Formula One has always produced divisive drivers. But of the current crop, Lance Stroll is perhaps the most polarising. The 22-year-old Canadian splits opinion like none other on the grid. Some fans believe he doesn’t deserve the opportunity to drive in Formula One because of his route into the sport. Others believe that Stroll is regularly showing he has what it takes at the peak of motorsport. His maiden pole position at the Turkish Grand Prix certainly added weight to the latter’s argument. After all, being the fastest man in the most challenging conditions isn’t something anyone can do.
With an unprecedented media spotlight on Formula One these days and with a more diverse audience than ever, thanks to Liberty Media’s push for an ever-broadening appeal, Lance faces perhaps a tougher job to win over his detractors than any other driver before him. Every mistake and every sub-par performance gets scrutinized and shared in glorious HD from countless different angles. And it’s never been easier for fans to voice their opinion, valid or not, on any of the sport’s competitors.
Stroll is not the first pay driver to enter Formula One. He certainly won’t be the last; Nicholas Latifi this year is seeing to that. But at what point should a pay driver’s entry route cease to be the defining characteristic they’re known for? Being the 101st polesitter in F1 history on an ice-rink like track when you outdrive three world champions has to be a strong contender.
Since Lance entered the sport in 2017, he has scored two podiums, clinched three fourth-place finishes, and now boasts a pole position to his name. It’s not a bad return for any man competing during a period when the top-three places have been more or less reserved for the “big three” teams. In particular, when you consider how inadequate the 2018 Williams was. 2020 has undoubtedly been Stroll’s strongest season so far in his short F1 career. He’s done his job well, picking up seven points-scoring races in a row from Styria onwards. And when Lance quietly hits that level of consistency, his doubters stay quiet too.
But he has had a horrific run of bad luck since he scored that third place at Monza. His retirements at Tuscany and Russia weren’t from any fault of his, and, of course, his run-in with Covid prevented him from competing at the Eifel Grand Prix. However, Strolls calamitous weekend in Portugal was certainly one to forget, but as Valtteri Bottas showed us in Istanbul, anyone can have a bad day in the office. Many fans don’t consider that when it comes to the young Canadian. Stroll’s bad days get jumped upon by critics delighted to have a reason to justify their negative comments in ways other drivers’ wanting performances aren’t.
The cynics like to point out how Perez outscored Stroll during his first season at Racing Point in 2019. And thanks to that run of five pointless race weekends I’ve mentioned, the final championship standings will cast the Mexican in better light again this year. But these don’t show the full picture.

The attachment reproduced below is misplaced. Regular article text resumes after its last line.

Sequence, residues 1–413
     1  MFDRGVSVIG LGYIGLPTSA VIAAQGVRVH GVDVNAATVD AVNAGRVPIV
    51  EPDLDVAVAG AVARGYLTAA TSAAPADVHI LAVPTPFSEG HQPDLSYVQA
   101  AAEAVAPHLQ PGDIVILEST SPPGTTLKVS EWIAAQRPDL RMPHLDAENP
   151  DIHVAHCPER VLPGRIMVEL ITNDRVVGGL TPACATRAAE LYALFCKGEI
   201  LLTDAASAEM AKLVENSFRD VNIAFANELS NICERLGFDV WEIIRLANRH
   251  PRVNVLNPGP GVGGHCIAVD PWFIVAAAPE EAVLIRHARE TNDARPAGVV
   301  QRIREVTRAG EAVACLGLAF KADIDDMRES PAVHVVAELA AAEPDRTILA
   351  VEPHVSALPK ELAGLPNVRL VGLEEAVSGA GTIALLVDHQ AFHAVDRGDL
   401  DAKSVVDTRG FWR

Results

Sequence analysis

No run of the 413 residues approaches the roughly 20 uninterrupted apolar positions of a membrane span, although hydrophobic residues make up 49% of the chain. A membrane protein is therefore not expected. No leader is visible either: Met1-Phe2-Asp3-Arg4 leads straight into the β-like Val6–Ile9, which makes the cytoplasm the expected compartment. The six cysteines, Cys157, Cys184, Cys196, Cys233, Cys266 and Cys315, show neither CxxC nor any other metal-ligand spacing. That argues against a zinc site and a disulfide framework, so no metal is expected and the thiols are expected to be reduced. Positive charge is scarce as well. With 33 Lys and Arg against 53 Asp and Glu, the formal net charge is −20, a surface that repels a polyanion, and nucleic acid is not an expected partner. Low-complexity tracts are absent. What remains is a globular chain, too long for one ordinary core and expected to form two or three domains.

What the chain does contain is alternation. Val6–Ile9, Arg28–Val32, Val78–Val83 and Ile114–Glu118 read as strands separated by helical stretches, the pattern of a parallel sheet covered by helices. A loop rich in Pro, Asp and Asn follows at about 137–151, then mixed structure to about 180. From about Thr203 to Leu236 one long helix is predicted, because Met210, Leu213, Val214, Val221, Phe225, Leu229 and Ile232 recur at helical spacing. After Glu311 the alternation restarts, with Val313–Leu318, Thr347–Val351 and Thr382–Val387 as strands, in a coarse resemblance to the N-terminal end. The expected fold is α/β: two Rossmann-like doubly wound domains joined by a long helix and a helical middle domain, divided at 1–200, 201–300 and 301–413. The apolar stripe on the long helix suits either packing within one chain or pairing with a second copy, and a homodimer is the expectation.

Last year was the first time Stroll moved to a new constructor, and in Perez, he faced a teammate who had half a decade of understanding and familiarity with the team around him. When Perez first moved to Force India in 2014, Nico Hülkenberg had the pre-existing relationship with the Silverstone team, and the German outscored his new colleague.
Perez has yet to face a mechanical failure this year, while Lance has endured two. And while it’s fair to say the Mexican has had the edge on Stroll this year, he has been forced to drive out of his skin as he attempts to advertise himself as a justifiable reason for Red Bull or someone else to hire him. When your career is on the line, it’s a hell of a motivator to shine.
The irony of it all is that while fans sympathize with Perez this year, Sergio himself reached Formula One thanks to considerable backing from Carlos Slim. When Perez was ascending through the junior formula, Slim was the world’s richest man. If you think Lawrence Stroll’s couple of billion dollars are a lot, they’re insignificant to Slim’s $60 billion or so. By the logic of those championing Perez and demonizing Stroll, it seems that money is allowed to fund a young driver’s career, just as long as that wealthy benefactor is unrelated.
In the end, it’s fair to say that Lance, so far at least, hasn’t shown the abundant kind of talent that Lewis Hamilton, Sebastian Vettel, or Max Verstappen did in their respective early seasons. But he doesn’t need to. As much as we may dream it, F1 can never have a grid full of once in a generation stars. World champion drivers are the best of the best. But that doesn’t mean F1 should exclude anyone who isn’t on a Hamilton-esque level from the sport.
There have been a little over 750 F1 drivers since 1950. That’s a pretty exclusive club. Of them, only 33 have won a world championship. That is to say, 95% of drivers don’t win a title. Stroll doesn’t need to be held to the level of Alonso, Hamilton, or Raikkonen to justify his F1 presence. Lance is well above the quality of the worst F1 drivers we’ve seen over the years. And on his day, he isn’t too far off some of the best. If 2022’s regulation changes close up the field while Stroll’s consistency continues to improve, I wouldn’t be surprised to see him add a winners trophy or two to his recently improved mantlepiece.
Originally published at https://www.fortloc.com.